PayPal now an option in Apple’s online stores

PayPal's San Jose headquarters.
(Jeff Chiu / Associated Press)

Apple will allow PayPal payments in its digital stores, offering customers another check-out option on iTunes, iBooks, Apple Music and the App Store.

The partnership, rolled out Tuesday in the U.S., U.K., Canada, Mexico, Australia and parts of Europe, lets users choose the San Jose-based secure payment service — a platform that many online shoppers are comfortable with, said Brendan Miller, a payments expert and analyst at Forrester.

“PayPal is by far the most used digital payment method besides debit and credit cards,” Miller said. “That alone will mean more transactions for Apple from customers who might have been leery of using their payment information online. This translates to less carts left abandoned in checkout.”

Miller said he talks to retailers who see 20% or more of their online transactions go through PayPal. More than 40% of U.S. adults online have used PayPal in the last three months to pay for a product or service, according to data from Forrester.

PayPal will also integrate with Siri and bring PayPal’s One Touch feature to Apple ID accounts, allowing for purchases with fewer clicks, PayPal said in a statement.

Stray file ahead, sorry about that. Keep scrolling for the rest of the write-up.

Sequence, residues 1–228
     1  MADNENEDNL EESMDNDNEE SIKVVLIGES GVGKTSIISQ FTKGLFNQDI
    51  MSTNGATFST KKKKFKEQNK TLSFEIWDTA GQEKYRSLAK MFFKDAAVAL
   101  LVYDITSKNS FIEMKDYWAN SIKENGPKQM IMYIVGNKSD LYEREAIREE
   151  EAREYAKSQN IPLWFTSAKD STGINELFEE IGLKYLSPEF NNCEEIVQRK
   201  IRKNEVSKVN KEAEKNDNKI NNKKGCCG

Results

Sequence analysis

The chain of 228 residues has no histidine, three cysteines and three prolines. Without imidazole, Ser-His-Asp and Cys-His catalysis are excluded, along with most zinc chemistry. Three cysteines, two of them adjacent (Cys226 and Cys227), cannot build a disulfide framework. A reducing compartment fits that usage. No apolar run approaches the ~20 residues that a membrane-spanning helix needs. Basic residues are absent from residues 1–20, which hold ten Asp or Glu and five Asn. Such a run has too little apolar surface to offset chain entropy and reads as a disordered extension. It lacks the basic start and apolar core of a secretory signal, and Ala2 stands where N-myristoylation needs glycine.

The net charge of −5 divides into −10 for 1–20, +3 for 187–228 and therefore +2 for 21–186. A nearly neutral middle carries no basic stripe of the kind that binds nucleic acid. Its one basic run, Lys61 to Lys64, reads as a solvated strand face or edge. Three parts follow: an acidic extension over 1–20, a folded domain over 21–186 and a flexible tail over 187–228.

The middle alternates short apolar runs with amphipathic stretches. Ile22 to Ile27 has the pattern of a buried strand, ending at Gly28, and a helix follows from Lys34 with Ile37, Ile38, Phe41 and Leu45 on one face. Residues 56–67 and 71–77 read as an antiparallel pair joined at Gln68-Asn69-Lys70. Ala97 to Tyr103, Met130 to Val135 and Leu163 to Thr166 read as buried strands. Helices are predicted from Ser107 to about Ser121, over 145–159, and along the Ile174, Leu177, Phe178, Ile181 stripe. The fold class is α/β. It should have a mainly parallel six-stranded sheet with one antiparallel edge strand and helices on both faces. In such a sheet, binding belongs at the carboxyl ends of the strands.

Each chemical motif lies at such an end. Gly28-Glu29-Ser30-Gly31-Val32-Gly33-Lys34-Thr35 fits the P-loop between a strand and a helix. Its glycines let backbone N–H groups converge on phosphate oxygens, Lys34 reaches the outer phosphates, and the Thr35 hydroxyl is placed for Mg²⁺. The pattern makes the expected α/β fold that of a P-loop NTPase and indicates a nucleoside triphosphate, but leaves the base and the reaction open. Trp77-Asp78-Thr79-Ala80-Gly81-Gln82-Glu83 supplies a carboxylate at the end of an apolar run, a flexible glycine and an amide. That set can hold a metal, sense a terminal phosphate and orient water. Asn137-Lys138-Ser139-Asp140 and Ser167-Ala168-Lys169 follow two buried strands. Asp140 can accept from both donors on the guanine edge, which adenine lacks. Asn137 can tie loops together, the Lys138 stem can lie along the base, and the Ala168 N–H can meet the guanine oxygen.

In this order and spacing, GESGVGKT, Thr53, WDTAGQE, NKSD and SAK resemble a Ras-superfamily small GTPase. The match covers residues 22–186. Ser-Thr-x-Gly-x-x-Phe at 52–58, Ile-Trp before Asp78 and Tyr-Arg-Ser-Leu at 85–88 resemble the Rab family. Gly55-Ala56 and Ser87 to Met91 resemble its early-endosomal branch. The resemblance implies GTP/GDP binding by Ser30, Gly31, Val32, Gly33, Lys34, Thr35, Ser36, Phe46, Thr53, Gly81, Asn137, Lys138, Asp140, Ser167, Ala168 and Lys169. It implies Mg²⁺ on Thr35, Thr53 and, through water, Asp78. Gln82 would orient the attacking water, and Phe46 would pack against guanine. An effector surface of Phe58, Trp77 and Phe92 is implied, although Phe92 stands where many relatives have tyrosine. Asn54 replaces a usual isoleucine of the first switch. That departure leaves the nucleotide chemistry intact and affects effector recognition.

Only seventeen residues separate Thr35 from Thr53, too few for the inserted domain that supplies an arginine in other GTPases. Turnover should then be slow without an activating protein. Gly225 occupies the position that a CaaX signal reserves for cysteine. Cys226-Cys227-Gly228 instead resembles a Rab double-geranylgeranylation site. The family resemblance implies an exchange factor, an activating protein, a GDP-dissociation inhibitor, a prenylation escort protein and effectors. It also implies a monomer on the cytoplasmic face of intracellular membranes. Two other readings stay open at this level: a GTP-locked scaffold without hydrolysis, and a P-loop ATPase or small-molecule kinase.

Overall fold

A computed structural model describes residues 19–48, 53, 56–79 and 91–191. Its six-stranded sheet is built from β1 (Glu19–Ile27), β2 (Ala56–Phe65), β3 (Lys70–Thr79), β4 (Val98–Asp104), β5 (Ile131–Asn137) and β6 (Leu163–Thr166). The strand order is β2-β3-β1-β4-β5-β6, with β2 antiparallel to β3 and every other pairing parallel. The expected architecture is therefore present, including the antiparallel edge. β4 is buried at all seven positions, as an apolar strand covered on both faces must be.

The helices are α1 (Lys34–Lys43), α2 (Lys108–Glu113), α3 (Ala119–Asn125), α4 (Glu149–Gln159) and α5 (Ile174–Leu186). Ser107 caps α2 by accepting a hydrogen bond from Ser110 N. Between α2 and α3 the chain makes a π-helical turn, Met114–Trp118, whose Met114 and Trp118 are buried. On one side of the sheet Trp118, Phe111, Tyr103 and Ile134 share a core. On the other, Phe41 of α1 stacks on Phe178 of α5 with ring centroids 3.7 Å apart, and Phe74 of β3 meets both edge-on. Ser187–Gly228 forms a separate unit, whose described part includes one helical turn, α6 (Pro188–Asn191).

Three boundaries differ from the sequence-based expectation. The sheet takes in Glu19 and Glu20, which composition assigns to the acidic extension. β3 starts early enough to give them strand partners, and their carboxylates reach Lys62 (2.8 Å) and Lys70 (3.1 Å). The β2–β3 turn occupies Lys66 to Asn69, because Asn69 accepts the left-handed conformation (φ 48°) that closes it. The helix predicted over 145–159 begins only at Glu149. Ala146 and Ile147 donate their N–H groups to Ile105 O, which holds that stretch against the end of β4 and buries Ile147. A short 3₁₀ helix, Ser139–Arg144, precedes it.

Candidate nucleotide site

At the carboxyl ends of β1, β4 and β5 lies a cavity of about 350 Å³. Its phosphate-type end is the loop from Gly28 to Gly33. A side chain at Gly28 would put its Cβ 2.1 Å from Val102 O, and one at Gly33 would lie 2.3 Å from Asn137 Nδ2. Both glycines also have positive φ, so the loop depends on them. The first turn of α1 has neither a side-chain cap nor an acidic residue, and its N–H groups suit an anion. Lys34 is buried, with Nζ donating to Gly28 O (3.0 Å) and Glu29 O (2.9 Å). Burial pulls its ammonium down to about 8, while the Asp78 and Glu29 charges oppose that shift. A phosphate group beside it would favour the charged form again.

Customers with an Apple ID will be able to select “PayPal” as a preferred payment method — once selected it will become the default payment method and all future purchases will be charged to the PayPal account. This includes one-time purchases as well as monthly fees such as Apple Music subscriptions and iCloud storage, PayPal said in a statement.

Apple has its own wallet feature, Apple Pay. Miller said he doesn’t foresee a competition between the two transaction methods, but rather a partnership.

“It’s not a win-lose battle,” Miller said. “I think we’ll see a lot more partnerships in this space.”

Moshe Katri, managing director and analyst covering payments at Wedbush, said PayPal’s model that appeals to both merchants and consumers is what is driving its growth and leading to partnerships.

“This means that Apple isn’t out to destroy PayPal with their [Apple Pay] feature,” Katri said. “Apple doesn’t care what people are using to pay — they are agnostic in that sense — all they want to do is sell.”

Shares of PayPal closed up 3.27% at $56.55 Wednesday.




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